RaveThe New York Times Book Review... profoundly affecting ... Lish’s substantial gifts are in abundant display here and throughout this gorgeously written book — his ability to render urban landscapes, the weather and its subtle effects on the emotions of his characters, the textural experience of poverty and class stratification in our early-21st-century America, physical labor, as well as physical and psychic violence. All of this is captured by a passionate narrative voice that has clearly been around, one that intimately knows not only the rigors of confined combat in a cage fight but also the bruised and hungry heart of a woman yearning to fulfill her potential before she dies. But at the core of The War for Gloria is the unforgettable character of Corey, a young man who is left to care for his dying mother alone, a boy who is hurled into the hard streets to find his solitary way ... With this, only his second novel, Lish has not only created a work of enduring art, he has distinguished himself as one of our finest writers.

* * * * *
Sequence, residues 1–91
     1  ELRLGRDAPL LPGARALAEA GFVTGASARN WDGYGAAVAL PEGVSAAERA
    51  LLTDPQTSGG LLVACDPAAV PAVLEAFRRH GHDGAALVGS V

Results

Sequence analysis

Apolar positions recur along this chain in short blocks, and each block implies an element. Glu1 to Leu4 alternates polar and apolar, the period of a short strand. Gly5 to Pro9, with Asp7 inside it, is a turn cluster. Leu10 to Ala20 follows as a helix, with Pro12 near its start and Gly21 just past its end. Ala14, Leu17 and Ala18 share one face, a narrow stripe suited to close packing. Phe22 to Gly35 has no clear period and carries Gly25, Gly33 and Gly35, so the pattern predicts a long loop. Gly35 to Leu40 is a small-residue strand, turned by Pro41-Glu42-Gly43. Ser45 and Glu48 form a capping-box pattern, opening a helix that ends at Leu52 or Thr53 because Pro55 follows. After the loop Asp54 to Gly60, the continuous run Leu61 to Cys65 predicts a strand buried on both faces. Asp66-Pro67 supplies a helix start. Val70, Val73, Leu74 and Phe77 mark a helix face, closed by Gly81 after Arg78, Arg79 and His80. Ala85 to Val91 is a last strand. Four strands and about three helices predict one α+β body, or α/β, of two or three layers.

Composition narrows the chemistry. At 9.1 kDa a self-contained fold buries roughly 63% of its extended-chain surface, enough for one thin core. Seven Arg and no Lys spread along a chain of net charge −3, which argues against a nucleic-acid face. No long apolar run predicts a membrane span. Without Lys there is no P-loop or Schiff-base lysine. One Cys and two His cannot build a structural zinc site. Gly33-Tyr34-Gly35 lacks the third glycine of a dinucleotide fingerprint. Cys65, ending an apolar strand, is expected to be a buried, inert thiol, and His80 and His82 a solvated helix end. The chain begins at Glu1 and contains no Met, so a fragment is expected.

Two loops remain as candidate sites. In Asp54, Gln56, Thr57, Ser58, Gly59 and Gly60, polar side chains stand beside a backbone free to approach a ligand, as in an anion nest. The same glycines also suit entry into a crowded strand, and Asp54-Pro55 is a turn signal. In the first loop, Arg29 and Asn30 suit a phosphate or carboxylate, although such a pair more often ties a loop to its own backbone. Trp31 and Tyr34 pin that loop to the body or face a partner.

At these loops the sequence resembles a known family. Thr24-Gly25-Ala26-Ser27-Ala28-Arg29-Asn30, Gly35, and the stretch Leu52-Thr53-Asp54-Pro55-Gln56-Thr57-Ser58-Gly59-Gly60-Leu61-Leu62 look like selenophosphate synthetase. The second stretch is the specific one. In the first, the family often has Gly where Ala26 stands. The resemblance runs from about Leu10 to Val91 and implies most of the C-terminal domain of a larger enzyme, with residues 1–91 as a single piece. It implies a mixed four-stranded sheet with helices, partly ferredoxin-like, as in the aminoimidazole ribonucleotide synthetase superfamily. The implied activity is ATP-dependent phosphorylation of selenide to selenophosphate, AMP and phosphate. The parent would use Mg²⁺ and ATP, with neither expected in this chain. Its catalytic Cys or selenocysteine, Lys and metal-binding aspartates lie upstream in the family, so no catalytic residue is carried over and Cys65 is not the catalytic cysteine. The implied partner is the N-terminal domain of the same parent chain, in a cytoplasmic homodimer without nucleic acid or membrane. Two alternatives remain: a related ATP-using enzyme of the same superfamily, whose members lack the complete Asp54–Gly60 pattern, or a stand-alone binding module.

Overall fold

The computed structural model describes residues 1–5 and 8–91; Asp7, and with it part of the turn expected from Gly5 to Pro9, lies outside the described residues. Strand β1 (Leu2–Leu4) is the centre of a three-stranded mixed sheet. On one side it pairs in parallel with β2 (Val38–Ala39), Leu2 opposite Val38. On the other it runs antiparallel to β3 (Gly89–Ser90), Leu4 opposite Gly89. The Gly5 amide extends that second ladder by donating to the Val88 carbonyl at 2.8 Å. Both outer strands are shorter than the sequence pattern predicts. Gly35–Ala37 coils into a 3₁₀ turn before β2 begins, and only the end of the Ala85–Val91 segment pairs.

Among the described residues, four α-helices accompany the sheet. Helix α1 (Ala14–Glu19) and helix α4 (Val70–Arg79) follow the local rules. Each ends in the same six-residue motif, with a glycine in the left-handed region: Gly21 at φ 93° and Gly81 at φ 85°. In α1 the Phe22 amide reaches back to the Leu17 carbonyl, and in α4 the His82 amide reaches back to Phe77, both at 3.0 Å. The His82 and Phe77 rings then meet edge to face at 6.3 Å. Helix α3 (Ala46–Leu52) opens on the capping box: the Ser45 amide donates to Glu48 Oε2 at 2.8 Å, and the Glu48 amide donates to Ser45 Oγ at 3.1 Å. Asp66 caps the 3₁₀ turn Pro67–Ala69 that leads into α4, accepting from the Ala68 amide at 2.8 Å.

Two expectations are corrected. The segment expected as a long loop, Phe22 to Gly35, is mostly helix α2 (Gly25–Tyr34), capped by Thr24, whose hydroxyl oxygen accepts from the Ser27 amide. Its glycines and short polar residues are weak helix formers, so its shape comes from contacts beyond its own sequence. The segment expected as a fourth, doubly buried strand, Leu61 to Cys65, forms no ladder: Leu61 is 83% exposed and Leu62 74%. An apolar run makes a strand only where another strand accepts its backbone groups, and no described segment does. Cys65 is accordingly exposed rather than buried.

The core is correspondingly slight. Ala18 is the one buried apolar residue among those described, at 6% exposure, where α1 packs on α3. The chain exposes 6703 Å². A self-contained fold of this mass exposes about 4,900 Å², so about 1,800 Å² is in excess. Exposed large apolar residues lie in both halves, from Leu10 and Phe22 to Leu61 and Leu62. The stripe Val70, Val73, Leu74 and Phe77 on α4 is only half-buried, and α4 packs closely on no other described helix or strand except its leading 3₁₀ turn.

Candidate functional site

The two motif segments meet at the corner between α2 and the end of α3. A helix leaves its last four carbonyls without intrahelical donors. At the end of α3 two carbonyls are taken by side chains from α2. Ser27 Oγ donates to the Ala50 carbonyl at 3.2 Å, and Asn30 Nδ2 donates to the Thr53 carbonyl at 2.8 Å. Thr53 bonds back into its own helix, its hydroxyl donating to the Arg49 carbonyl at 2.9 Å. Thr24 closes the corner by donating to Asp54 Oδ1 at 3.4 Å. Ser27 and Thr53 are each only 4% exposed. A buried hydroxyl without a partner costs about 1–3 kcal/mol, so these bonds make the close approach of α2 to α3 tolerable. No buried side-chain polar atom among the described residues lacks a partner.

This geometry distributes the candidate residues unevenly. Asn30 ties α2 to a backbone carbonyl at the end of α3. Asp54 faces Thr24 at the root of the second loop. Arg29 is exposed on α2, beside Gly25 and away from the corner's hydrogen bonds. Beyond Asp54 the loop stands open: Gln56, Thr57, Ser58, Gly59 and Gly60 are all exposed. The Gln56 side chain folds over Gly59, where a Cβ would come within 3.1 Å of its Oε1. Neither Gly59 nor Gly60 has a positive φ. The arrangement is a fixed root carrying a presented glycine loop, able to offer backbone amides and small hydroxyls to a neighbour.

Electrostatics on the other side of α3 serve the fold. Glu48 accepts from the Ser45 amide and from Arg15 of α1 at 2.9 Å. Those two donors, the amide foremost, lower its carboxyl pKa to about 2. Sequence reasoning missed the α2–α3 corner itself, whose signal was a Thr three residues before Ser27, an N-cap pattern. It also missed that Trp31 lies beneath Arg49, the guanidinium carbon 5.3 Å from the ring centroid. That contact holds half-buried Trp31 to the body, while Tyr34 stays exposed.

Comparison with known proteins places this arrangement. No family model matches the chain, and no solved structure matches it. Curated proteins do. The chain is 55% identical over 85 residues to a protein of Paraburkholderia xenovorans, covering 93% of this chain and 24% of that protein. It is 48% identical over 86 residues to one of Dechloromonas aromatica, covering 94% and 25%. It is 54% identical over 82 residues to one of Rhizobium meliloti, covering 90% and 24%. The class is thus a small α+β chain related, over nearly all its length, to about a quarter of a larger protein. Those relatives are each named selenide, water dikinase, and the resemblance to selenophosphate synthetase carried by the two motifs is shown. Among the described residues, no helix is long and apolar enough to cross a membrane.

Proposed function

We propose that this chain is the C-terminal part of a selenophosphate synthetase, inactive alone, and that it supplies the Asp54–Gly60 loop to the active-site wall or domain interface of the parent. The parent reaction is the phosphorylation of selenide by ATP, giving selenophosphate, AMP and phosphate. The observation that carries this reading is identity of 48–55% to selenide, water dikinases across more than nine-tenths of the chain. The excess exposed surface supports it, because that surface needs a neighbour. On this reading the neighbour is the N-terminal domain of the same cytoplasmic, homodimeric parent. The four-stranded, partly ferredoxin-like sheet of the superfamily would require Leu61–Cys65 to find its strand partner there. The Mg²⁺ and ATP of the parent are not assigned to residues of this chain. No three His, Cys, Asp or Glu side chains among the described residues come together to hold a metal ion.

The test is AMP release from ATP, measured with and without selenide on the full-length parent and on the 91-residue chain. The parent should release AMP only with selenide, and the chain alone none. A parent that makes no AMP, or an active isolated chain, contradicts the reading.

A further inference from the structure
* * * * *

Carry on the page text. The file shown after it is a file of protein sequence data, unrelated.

RaveThe New York TimesOn a purely plot-hungry basis, turning the page seems the only thing to do, but — as is so often the case with the fiction of Richard Ford — what actually happens in the story feels secondary, or at best equal, to the language itself … Canada is blessed with two essential strengths in equal measure — a mesmerizing story driven by authentic and fully realized characters, and a prose style so accomplished it is tempting to read each sentence two or three times before being pulled to the next … Canada is a tale of what happens when we cross certain lines and can never go back. It is an examination of the redemptive power of articulated memory, and it is a masterwork by one of our finest writers working at the top of his form.